Ro­botic magic — Al­pha shows the way Com­pared with in­dus­trial robots, the out­put value of ser­vice robots may be big­ger in China. But the in­dus­try is still in the em­bry­onic stage, while that for in­dus­trial ro­bot­ics is form­ing.”

China Daily (Canada) - - FRONT PAGE -

But the money quickly evap­o­rated when he found him­self caught in a tech­ni­cal bot­tle­neck of de­vel­op­ing the servo-con­troller for the ro­bot’s joints, which play a vi­tal role in de­cid­ing his flex­i­bil­ity.

“I had no idea then whether I could work it out, but I didn’t give up,” Zhou said. He sold his three apart­ments in Shen­zhen to pour an ad­di­tional 20 mil­lion yuan into the pro­ject.

“You need to have good psy­cho­log­i­cal qual­ity and emo­tional quo­tient and be able to con­trol the sit­u­a­tion in a cri­sis. Per­spec­tive is also im­por­tant,” Zhou ob­served. “But first, it’s es­sen­tial to move in the right di­rec­tion.”

In 2008, when Zhou stepped into the field, the ser­vice ro­bot in­dus­try on the main­land was highly un­der­de­vel­oped. Few peo­ple un­der­stood what he was try­ing to do or even knew what a ro­bot re­ally was.

But Zhou fore­saw the prospects of the in­dus­try and spot­ted a po­ten­tial op­por­tu­nity af­ter vis­it­ing Ja­pan and ob­serv­ing robots made in that coun­try. “The cost of Ja­panese-made robots is very high. More­over, users are not able to pro­gram the de­vice by them­selves,” said the 39-yearold en­tre­pre­neur.

“It will make a big dif­fer­ence if these two is­sues are re­solved.”

Al­pha is cur­rently sold at roughly 6,000 yuan on the main­land. Union Brother has also ex­panded its busi­ness to over­seas mar­kets, in­clud­ing Ja­pan, the US and the Mid­dle East, and is still ex­plor­ing new ones. Last month, Al­pha landed in Hong Kong.

“Mar­ket will be one of our fo­cuses this year,” Zhou said.

His com­pany re­cently se­cured $20 mil­lion through a fundrais­ing drive, push­ing its val­u­a­tion to $200 mil­lion.

“Last year, our turnover was 4 mil­lion yuan. This year, we

ex­ec­u­tive di­rec­tor of the China Ro­bot In­dus­try Al­liance

ex­pect a vol­ume of 100 mil­lion yuan,” said Zhou, adding that Union Brother has al­ready re­ceived 5,000 or­ders since the be­gin­ning of the year.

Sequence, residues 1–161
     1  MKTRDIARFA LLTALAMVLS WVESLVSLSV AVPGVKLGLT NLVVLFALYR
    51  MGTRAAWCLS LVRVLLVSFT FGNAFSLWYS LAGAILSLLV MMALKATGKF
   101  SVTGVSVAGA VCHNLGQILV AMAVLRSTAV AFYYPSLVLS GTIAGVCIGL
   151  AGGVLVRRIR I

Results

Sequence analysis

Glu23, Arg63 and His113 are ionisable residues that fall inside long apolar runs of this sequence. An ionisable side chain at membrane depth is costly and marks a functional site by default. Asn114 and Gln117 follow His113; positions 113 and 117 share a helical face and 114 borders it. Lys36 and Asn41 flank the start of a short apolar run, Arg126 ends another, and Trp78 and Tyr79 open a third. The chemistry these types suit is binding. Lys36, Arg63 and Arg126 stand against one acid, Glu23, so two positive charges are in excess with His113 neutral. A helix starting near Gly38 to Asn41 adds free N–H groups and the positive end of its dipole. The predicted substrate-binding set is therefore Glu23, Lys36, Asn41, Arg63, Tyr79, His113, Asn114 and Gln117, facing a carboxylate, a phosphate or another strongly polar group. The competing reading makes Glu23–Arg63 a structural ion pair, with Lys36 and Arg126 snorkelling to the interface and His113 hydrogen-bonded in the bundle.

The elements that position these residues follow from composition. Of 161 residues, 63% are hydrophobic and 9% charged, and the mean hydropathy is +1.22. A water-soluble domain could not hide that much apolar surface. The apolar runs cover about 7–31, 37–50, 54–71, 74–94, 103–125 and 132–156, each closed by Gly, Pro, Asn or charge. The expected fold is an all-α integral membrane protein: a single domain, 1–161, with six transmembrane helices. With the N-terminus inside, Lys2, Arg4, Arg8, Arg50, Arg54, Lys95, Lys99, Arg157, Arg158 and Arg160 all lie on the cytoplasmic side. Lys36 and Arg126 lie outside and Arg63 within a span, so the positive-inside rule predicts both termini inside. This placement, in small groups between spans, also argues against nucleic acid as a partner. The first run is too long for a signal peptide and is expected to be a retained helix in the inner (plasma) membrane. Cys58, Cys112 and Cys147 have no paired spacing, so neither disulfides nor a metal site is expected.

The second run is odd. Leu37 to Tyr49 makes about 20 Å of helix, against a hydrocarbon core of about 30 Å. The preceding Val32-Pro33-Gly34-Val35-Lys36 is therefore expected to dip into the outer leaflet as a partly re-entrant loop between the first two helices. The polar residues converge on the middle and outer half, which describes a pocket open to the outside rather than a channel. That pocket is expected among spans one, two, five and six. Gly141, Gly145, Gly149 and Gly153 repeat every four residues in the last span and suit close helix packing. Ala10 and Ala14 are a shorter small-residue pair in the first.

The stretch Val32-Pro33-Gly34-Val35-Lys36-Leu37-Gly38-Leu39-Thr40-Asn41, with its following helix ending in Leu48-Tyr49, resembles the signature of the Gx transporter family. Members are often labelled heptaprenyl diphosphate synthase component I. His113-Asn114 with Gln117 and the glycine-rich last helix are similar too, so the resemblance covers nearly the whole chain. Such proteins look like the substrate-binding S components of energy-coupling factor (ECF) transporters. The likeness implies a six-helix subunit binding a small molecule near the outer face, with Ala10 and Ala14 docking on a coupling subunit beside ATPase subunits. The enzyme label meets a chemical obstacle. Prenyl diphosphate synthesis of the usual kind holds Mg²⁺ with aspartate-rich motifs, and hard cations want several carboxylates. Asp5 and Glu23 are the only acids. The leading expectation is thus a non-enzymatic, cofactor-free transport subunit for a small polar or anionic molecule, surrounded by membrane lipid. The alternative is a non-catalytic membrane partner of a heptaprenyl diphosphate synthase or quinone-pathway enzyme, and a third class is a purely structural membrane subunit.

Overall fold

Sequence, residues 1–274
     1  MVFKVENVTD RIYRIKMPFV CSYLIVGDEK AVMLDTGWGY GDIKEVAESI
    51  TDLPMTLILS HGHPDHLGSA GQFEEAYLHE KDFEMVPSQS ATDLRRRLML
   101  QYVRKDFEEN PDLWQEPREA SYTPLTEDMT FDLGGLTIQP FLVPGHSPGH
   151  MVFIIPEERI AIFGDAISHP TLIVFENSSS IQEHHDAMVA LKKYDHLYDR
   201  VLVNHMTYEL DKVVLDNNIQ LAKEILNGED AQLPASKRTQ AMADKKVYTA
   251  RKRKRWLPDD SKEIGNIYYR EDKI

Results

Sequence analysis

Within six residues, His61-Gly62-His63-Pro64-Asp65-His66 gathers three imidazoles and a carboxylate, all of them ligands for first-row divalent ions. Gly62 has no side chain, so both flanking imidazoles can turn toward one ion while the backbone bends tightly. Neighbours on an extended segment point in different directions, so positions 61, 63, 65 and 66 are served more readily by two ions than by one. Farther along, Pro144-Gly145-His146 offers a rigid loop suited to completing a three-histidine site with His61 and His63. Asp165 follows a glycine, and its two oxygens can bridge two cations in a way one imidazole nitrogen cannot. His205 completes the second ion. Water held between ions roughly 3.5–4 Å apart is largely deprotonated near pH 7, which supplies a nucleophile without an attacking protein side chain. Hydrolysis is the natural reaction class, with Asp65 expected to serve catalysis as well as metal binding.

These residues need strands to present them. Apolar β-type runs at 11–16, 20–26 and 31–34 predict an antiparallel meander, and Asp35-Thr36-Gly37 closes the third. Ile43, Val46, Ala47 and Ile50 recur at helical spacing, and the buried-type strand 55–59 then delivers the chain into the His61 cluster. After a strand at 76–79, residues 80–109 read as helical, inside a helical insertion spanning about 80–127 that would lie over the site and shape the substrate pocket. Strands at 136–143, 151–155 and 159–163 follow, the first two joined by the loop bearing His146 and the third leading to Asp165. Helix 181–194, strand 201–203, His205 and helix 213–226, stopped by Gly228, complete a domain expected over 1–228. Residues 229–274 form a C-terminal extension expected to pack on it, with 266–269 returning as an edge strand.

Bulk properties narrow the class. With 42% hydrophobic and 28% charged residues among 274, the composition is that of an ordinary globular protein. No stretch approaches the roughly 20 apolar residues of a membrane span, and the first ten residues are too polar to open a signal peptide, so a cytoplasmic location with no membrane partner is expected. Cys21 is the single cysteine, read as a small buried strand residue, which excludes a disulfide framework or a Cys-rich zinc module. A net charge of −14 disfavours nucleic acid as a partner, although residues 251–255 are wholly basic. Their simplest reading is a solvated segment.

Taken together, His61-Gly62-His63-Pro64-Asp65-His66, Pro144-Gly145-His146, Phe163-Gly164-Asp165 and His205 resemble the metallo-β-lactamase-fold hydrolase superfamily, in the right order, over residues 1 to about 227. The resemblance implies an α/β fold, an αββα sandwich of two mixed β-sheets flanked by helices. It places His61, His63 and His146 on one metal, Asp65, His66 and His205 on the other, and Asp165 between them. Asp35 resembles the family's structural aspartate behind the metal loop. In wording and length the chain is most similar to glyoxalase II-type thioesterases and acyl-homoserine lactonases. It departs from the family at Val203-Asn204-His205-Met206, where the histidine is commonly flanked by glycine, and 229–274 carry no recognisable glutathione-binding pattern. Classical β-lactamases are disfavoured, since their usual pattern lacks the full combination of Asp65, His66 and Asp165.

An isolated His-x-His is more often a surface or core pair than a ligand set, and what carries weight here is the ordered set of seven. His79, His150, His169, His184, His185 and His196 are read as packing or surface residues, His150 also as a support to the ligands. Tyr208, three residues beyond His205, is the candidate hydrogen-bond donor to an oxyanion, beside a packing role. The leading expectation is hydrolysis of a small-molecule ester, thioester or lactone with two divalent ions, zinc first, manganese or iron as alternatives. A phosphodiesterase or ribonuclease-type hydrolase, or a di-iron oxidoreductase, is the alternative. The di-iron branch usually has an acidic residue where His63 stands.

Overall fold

Ser­vice robots can be clas­si­fied into two types by ap­pli­ca­tion — those for pro­fes­sional use and those for per­sonal and do­mes­tic use. Al­pha falls into the lat­ter cat­e­gory.

The ser­vice robots in­dus­try has un­der­gone re­mark­able growth in re­cent years.

From 2008 to 2013, some 100,000 ser­vice robots for pro­fes­sional use were sold glob­ally, ac­cord­ing to World Ro­bot­ics 2014, a study con­ducted by the In­ter­na­tional Fed­er­a­tion of Ro­bot­ics (IFR).

That is more than the to­tal of 63,500 units sold over the pre­vi­ous 12 years or more. Sales of pro­fes­sional ser­vice robots around the world reached 21,000 in 2013 alone, their to­tal value at $3.57 bil­lion, the study says.

Growth was even more ro­bust for ser­vice robots for per­sonal and do­mes­tic use. In 2013, roughly 4 mil­lion robots of the kind were sold, surg­ing 28 per­cent from 2012 and to­tal­ing $1.7 bil­lion in sales value, the study shows.

IFR es­ti­mates that sales of ser­vice robots for pro­fes­sional use could reach about 134,500 units be­tween 2014 and 2017, their value touch­ing $18.9 bil­lion, while sales of robots for per­sonal and do­mes­tic use could rise to 31 mil­lion units.

De­spite ex­plo­sive de­vel­op­ment on the global scale, mar­ket in­sid­ers be­lieve that the ser­vice ro­bot in­dus­try has much room for growth on the main­land.

“Com­pared with in­dus­trial robots, the out­put value of ser­vice robots may be big­ger in China. But the in­dus­try is still in the em­bry­onic stage, while that for in­dus­trial ro­bot­ics is form­ing,” said Song Xiao­gang, ex­ec­u­tive di­rec­tor of the China Ro­bot In­dus­try Al­liance.

Ac­cord­ing to the IFR re­port, the Chi­nese main­land be­came the largest in­dus­trial ro­bot mar­ket in 2013. About 36,560 units of in­dus­trial robots were sold in the coun­try, ac­count­ing for 20 per­cent of the to­tal global sales of 178,132.

The gap of­fers a big space for Zhou and other ser­vice ro­bot pro­duc­ers to grow, and he’s go­ing to launch a new-gen­er­a­tion Al­pha later this year.

The up­dated Al­pha will fea­ture more func­tions. Users will be able to down­load dif­fer­ent apps and let Al­pha per­form var­i­ous tasks, such as check­ing weather fore­casts, book­ing air tick­ets or help­ing their kids prac­tice English.

But what wor­ries Zhou most is the lack of recog­ni­tion of ro­bot­ics among youths. “Knowl­edge about robots is still very lim­ited among young peo­ple on the main­land, com­pared with those from Western coun­tries. They are not clear about its history of de­vel­op­ment and the fu­ture di­rec­tion of the in­dus­try,” Zhou said.

He is com­mit­ted to chang­ing the cur­rent sit­u­a­tion by mak­ing hu­manoid robots a com­mer­cial­ized prod­uct that even or­di­nary fam­i­lies can af­ford and uti­lize.

“We are striv­ing to make sure ev­ery fam­ily can en­joy the ben­e­fits brought by robots,” Zhou signed off.

Song Xiao­gang,

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